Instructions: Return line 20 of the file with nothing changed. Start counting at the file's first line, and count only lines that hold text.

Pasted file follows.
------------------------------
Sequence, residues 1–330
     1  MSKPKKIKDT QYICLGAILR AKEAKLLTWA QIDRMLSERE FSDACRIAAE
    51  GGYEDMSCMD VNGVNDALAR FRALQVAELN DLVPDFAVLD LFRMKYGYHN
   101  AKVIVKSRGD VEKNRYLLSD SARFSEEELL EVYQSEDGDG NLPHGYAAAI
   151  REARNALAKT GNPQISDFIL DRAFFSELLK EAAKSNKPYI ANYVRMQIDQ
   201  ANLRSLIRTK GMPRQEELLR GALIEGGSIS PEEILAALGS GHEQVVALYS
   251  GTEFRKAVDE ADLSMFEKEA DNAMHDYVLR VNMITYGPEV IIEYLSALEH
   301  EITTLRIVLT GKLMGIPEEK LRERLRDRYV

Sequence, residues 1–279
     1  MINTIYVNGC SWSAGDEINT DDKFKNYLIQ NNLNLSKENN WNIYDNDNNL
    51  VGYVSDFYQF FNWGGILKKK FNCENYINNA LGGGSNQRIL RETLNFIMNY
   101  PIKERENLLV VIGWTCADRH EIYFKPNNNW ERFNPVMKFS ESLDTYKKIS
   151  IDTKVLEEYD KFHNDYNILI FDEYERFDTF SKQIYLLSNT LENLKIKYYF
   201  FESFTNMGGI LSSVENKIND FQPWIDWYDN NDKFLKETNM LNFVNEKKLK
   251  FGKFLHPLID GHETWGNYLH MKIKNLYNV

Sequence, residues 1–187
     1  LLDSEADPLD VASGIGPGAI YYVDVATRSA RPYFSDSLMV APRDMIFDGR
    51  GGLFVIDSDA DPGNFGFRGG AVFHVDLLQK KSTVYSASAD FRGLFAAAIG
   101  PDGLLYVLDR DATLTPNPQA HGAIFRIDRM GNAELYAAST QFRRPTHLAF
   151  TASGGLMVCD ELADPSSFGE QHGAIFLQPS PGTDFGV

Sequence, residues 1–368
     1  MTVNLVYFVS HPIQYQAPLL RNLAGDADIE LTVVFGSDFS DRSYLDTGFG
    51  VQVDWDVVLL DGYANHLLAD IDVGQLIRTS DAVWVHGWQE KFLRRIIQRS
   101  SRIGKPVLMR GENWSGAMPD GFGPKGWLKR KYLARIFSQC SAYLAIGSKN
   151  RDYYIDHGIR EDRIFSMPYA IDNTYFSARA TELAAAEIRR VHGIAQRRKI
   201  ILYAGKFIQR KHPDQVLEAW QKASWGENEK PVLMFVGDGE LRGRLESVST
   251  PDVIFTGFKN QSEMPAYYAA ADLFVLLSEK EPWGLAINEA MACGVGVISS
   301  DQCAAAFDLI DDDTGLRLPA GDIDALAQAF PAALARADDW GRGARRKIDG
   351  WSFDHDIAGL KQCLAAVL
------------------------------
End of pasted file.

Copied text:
   151  TASGGLMVCD ELADPSSFGE QHGAIFLQPS PGTDFGV